Syria confirmed it had shot down a Turkish reconnaissance plane because the plane entered its airspace, insisting it was "not an attack" as both sides desperately tried to de-escalate the episode before it exploded into a regional conflagration.
Turkey threatened to retaliate but did not say what action it would take as it searched for the aircraft's two missing pilots.
The downed plane heightened tensions between two countries that had been allies before Syria's 15-month violent uprising, and signalled that the violence gripping Syria is increasingly bleeding outside its borders.
Germany and Iraq were among the countries urging restraint in the region.
Syria and neighbouring Turkey had cultivated close ties before the Syrian revolt began in March 2011, but since then Turkey has become one of the strongest critics of Syria's regime. Turkey hosts civilian and military Syrian opposition groups, including hundreds of army defectors who are affiliated with the Free Syrian Army and collect food and other supplies to deliver to comrades on smuggling routes.
Turkish authorities also suspect Damascus, which was collaborating with Turkey in its fight against autonomy-seeking Kurdish rebels, is now turning a blind eye to Syria-based Kurdish fighters who belong to the Kurdistan Workers' Party, or PKK, considered a terrorist organisation in the US and Europe.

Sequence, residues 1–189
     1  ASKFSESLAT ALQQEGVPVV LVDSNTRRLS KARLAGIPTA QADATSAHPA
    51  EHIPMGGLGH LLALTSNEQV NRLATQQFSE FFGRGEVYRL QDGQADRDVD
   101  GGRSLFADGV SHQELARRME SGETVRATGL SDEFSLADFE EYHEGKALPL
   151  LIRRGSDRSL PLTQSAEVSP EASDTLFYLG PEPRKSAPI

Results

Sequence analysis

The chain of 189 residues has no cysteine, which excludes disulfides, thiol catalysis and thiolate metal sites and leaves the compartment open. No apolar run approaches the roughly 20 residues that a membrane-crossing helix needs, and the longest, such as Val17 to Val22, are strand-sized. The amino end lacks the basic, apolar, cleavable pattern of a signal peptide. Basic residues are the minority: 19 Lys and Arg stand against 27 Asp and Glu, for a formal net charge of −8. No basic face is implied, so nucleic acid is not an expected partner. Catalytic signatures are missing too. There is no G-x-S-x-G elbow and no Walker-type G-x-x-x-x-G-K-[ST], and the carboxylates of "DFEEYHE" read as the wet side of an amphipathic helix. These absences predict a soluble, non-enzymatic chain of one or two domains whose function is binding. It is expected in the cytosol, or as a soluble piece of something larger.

The plane, an unarmed F4, went down in the Mediterranean Sea about eight miles from the Syrian town of Latakia, Turkey said. Syria claimed the jet violated its air space over territorial waters, penetrating by about a kilometre. It said Syrian forces only realised it was a Turkish jet after firing at it.
In a telephone interview with Turkish TV news channel A Haber yesterday, Syrian Foreign Ministry spokesman Jihad Makdissi said the downing was "not an attack". "An unidentified object entered our air space and unfortunately as a result it was brought down. It was understood only later that it was a Turkish plane," A Haber quoted Makdissi in a translation of the interview. "There was no hostile act against Turkey whatsoever. It was just an act of defence for our sovereignty."
Turkish President Abdullah Gul conceded the plane may have unintentionally crossed into Syrian airspace, but said such an act was "routine" for jets to unintentionally cross borders for short periods. The government has not described the plane's specific mission.
Mr Gul said his government was still investigating what happened, but "no one should have any doubt that whatever (action) is necessary will be taken".